After an hour or so I am off to find my final destination just on the other side of the bridge in Amora. If I have had too much to drink I stay on the Lisboa side of the bridge and go to Docks which is hands down (if I plan my night right) the best spot for me. Nevertheless, across the bridge is a whole street dedicated to discotecas. My top pick is Discoteca Ondeando which is solely an Africana Discoteca… I get every bit of my multicultural life in there. The enjoyment I get from the experience always feels like a new thrill, this is probably because at this point my learning curve is limited to grooving to a new song or learning a new dance. Don’t get me wrong, I enjoy learning new words but my elementary Portuguese makes dancing the only form of communication that matters and this is a language I know all too well!
On the nights that I prefer to frequent the clubs in Lisboa there is an array of Angolan music and I enjoy every bit of it, the beats and rhythm are similar to music heard in the West Indies. On Friday or Saturday I go to Docks and on Sundays I hit up BBC (but this is if I am up to it, because a brother has to work on Monday). At Docks rich vibes blare from the speakers with the sounds of Kudoro, Sembas, and Kizomba music along with a few Hip-Hop tunes remixed to fit the style of the local clientele. I normally sweat like a hooker in church as I dance, but I get the best photos and after working up an appetite and releasing every bit of stress from the weeks prior; I like to take in one last look of the amazing view that Docks has to offer. As I the “Americano” affectionately says “Ciao Ciao” giving the typical double kiss on the cheeks to the ladies and a solid hand shake/half hug to the fellas, I kiki one last time as we part ways and look to find jackets, bags, or our friends we came with. The feeling of soberness settles in as the sunrises in the back drop over the mouth of the Tagus River and the Cristo Rei over looks us. At this point I am tired and it is time to head to a café for a quick pastry and coffee before I go home to crash and burn. Around 8 or 9AM the next day, I pour my favorite local red wine or vinho tinto and settle in.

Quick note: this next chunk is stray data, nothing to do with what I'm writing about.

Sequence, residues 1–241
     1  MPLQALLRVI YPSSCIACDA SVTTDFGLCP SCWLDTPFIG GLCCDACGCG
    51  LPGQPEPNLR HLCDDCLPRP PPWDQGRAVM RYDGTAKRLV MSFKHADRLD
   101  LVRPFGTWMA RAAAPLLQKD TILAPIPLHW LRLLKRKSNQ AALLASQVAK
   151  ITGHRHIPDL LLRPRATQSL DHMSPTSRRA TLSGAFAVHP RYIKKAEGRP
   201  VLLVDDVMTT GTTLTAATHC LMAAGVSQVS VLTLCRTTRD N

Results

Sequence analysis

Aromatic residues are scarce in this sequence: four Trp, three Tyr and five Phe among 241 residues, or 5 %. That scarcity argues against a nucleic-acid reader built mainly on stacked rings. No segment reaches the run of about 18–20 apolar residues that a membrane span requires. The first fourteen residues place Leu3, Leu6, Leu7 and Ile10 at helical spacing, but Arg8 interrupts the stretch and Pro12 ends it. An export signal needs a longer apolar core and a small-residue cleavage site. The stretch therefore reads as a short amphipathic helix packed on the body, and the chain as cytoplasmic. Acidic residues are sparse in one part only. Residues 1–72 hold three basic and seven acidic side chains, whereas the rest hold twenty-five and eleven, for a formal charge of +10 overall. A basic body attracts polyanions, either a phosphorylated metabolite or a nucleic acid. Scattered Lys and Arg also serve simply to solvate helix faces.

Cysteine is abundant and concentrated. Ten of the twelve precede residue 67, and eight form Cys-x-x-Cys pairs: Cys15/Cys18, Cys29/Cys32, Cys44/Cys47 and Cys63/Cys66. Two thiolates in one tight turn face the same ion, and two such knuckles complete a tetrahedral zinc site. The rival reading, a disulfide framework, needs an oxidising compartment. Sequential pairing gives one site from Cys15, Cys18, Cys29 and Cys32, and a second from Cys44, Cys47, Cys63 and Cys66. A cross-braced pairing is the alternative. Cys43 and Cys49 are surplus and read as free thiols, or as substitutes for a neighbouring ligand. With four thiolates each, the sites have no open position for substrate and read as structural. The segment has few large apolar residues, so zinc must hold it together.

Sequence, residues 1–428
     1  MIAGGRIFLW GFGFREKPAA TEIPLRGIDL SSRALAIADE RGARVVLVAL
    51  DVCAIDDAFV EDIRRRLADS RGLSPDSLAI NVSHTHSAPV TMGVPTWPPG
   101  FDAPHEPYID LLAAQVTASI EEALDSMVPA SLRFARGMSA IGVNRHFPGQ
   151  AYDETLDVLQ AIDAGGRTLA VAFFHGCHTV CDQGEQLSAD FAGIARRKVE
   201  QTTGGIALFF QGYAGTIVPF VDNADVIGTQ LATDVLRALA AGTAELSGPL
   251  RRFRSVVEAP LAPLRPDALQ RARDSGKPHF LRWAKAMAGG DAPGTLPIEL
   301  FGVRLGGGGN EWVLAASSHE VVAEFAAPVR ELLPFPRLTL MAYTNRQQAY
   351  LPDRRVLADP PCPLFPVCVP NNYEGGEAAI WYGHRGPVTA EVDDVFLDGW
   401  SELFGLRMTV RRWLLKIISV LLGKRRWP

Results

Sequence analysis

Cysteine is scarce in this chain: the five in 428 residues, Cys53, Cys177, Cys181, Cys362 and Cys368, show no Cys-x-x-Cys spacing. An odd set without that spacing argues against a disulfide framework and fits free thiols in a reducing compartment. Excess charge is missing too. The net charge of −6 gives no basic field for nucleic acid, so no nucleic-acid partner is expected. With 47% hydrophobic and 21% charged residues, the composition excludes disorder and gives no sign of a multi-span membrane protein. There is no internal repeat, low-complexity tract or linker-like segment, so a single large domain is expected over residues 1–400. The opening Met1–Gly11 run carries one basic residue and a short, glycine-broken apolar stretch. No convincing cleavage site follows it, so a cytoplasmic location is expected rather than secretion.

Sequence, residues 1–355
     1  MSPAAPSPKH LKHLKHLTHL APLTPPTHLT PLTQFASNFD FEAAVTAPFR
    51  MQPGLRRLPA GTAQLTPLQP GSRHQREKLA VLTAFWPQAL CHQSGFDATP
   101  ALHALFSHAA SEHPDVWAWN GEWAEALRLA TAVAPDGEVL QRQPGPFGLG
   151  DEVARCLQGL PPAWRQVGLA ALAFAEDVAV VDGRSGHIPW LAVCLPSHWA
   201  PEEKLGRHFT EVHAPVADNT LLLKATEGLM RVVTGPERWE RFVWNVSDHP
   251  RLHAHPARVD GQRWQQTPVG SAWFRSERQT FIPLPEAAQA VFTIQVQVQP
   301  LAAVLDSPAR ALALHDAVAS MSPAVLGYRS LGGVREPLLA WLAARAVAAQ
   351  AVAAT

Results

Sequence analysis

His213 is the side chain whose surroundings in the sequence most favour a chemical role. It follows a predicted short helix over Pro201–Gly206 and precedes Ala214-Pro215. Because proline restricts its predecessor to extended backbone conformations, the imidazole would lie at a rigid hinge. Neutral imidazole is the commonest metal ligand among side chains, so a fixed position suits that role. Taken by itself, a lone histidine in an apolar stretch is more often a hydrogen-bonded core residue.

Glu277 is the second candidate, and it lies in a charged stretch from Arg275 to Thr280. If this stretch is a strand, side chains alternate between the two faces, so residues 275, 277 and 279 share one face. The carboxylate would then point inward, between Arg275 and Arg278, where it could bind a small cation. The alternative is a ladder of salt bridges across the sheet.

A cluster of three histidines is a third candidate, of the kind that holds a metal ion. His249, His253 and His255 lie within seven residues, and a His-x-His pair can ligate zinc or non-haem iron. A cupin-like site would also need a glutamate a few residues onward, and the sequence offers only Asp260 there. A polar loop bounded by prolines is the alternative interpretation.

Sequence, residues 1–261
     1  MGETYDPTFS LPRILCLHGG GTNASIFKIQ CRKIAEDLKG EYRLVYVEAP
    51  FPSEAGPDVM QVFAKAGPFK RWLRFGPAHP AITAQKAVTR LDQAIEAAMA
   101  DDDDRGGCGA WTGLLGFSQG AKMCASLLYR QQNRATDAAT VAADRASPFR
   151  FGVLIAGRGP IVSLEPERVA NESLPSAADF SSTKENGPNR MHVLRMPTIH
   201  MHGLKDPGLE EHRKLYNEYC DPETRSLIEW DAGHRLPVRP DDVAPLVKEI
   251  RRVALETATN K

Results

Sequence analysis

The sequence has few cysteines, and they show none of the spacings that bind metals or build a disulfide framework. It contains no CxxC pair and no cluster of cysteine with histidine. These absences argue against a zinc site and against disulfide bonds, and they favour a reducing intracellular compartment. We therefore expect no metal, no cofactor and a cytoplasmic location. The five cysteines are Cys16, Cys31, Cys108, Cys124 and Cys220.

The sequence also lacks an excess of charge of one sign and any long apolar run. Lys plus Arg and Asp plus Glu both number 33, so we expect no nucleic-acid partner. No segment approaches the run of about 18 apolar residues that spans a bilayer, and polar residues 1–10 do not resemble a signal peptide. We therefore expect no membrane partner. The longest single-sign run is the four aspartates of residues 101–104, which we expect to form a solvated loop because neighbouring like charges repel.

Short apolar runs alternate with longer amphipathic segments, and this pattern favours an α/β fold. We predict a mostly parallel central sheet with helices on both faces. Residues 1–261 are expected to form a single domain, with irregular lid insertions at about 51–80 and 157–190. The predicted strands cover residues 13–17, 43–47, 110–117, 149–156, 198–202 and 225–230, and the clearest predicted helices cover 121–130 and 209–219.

A night full of culture and music is by my standard a good one. Almost all of my Portuguese friends I have met randomly, through some concert or a night of clubbing. Every time I leave the house for a night of clubbing I say to myself “Try something new, do something different” and this is why everyone says “If you go with Taz just be ready to come back in the afternoon” it has and does happen. I play hard and work even harder. Look out for a few more exciting posts in April when I am back in full party mode.
Here is a link to some music, if you want to experience some of the more common sounds heard in the Portuguese clubs, I frequent. There are multiple mixes so go through and see if you like it, I promise it’s so worth it. Drop a comment below and tell me your thoughts.
Jovial Jaunts is a personal blogger series hosted by Tazeem Rumal. Taz will document his travels, share his experiences living abroad, offer his opinions on topics and venture out to ask thought provoking questions.